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Alan Jackson Splits With Label After 22 Years

Our Country

If you ever needed a sign that the times they are a-changin' on Music Row, look no further than the just-announced split between Alan Jackson and his label home of 22 years. The artist and Sony Nashville both released statements today saying that Jackson would be amicably exiting the Arista Nashville label that released his first single all the way back in 1989.

Arista's parent company released a surprisingly short two-sentence statement this morning. "Sony Music Nashville wishes to thank Alan Jackson for their long association and the many hit records achieved as a result of that association. In an amicable parting, Sony confirms that Alan has delivered his final recordings to the company and wishes him well." Jackson then released his own statement, saying, "It just seems to me like the time may be right to change things up a bit and see what comes next."

Inevitably, speculation immediately formed that Jackson might be on the verge of announcing a new deal, and that was why Sony rushed out its press release. But I spoke with Jackson's manager, Nancy Russell, today, and she assured me that's not the case.

"Alan asked to be let off the label in September," Russell told me. "We decided we would support the hits package"—34 Number Ones, a two-disc set that came out in late November. Negotiations with several other major labels are ongoing, Russell confirmed. "We're excited about some of these other folks we're talking to. There are some pretty cool people out there."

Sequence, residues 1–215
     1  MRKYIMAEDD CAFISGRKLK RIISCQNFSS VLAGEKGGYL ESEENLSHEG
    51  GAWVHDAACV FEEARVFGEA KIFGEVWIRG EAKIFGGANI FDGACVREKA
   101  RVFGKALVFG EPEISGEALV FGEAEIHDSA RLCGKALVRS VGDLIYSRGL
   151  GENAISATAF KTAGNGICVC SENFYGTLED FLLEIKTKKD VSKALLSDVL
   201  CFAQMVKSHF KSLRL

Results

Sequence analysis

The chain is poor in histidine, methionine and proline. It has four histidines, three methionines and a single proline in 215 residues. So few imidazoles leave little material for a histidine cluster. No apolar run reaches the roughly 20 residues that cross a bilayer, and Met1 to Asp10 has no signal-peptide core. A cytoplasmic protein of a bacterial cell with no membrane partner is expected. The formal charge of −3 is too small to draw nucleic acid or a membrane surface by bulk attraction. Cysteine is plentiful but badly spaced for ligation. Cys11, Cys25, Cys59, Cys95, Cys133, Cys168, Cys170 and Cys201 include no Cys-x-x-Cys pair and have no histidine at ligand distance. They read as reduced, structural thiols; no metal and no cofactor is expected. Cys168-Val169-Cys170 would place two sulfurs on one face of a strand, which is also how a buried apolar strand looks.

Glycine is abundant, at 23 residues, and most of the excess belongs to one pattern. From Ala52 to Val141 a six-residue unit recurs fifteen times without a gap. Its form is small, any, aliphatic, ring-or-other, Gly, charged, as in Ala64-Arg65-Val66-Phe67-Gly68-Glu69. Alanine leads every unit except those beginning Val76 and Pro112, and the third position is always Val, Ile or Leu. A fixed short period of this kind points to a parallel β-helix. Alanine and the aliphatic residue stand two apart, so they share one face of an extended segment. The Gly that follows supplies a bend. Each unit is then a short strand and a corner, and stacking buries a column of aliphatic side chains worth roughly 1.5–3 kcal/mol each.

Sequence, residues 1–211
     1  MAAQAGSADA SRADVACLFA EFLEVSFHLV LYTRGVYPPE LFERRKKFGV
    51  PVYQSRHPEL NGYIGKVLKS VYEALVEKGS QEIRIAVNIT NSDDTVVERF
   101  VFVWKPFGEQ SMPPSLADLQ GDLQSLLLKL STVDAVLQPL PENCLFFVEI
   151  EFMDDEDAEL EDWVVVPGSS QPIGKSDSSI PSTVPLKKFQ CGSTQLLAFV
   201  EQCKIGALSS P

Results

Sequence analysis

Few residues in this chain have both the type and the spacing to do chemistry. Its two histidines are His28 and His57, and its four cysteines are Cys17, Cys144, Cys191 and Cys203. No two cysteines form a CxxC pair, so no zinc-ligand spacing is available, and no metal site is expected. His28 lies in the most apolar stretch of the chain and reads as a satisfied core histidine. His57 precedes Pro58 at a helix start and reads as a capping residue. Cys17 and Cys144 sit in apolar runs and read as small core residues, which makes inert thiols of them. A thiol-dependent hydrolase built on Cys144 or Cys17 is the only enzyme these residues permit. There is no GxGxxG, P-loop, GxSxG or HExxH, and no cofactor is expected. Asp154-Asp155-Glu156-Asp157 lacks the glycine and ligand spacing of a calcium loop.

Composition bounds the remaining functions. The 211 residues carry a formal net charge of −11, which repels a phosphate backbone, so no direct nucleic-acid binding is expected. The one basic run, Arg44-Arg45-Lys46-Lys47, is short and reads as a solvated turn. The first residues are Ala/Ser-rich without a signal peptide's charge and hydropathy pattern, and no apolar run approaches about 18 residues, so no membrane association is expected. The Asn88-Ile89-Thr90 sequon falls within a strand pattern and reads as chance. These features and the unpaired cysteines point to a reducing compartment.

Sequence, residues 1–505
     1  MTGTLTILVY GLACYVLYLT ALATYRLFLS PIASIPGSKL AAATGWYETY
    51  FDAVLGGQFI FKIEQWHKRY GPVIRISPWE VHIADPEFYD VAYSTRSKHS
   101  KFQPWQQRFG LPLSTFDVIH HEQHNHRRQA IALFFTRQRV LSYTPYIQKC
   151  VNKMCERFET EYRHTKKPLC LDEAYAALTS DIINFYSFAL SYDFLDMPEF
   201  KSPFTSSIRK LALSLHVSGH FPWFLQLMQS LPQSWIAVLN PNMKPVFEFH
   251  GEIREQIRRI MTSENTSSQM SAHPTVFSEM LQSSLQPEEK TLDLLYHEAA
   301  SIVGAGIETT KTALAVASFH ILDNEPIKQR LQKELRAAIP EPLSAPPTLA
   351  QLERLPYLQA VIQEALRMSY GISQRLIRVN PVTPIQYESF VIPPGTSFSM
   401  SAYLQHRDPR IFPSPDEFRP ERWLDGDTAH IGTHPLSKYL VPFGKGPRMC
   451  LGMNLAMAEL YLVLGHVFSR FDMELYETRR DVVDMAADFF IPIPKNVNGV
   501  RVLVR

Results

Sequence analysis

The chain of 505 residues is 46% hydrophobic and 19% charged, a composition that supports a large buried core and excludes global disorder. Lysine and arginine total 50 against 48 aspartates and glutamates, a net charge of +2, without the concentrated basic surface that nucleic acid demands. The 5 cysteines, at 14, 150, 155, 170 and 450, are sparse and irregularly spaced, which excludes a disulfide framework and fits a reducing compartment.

When I talked to Jackson last February, shortly before his last studio album, Freight Train, came out, he was talking even then as if leaving Sony were all but a done deal.

"I remember Keith [Steagall, his longtime producer] and I saying this could be my last album [for the company], so we ought to try to make it good. Not that we wouldn't anyway, but it just felt like we wanted to do the best we could on it, since it could be the last album for them. Somebody said that it's like a mixture of all the things I've done for 20 years on one album."

When I pressed Jackson about what might come next, in his typical laconic manner, he said, "I guess we'll be doing something. These labels are getting to where they don't have much money to push anything anymore, so I don't know. A lot of people seem to be doing it on their own and just getting the record out that way. But it really won't change anything as far as the fans as concerned, but just be a different angle business-wise. Touring, I'll just keep doing what I do, 40-50 shows, as long as we can sell some tickets. As long as radio still plays me, we'll still keep chugging along."

Although Jackson seemed interested at the time in possibly going the indie route, Russell suggested there is no doubt they're likely to go with a competing major label in the end.